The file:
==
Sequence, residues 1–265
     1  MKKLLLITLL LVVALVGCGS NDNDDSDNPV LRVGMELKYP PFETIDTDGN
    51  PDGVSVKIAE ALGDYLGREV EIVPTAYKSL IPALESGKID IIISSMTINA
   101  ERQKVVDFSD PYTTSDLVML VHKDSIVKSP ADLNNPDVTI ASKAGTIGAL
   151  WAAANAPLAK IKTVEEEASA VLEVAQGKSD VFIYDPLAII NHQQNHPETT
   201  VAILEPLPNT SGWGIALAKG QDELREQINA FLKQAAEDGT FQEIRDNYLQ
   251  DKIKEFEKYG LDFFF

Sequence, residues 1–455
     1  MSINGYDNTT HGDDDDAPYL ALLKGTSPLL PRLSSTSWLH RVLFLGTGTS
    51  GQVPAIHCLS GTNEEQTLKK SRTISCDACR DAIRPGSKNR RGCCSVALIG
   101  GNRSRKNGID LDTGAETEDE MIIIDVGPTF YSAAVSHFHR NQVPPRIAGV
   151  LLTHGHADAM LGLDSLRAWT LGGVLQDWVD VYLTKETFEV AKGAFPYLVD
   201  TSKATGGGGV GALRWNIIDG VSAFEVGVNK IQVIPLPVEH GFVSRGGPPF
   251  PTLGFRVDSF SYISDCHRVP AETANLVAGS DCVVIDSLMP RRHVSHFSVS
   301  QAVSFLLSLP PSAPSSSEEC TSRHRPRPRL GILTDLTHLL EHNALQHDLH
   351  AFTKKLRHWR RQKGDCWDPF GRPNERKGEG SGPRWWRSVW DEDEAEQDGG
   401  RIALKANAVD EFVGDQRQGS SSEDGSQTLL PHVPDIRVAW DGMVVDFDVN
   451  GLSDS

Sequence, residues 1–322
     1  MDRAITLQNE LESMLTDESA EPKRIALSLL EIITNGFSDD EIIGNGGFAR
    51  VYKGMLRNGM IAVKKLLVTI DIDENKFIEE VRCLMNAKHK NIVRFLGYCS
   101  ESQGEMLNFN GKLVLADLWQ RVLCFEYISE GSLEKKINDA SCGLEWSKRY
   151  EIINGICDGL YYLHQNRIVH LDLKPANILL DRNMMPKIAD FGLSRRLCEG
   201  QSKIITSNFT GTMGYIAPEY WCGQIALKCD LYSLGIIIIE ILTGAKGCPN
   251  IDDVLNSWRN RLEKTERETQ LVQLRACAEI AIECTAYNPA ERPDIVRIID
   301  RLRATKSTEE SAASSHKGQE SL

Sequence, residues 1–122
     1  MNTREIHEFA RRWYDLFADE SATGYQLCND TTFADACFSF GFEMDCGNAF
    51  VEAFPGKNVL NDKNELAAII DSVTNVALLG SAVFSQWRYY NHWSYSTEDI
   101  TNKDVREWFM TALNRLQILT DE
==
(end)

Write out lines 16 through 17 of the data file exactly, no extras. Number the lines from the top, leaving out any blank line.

   351  AFTKKLRHWR RQKGDCWDPF GRPNERKGEG SGPRWWRSVW DEDEAEQDGG
   401  RIALKANAVD EFVGDQRQGS SSEDGSQTLL PHVPDIRVAW DGMVVDFDVN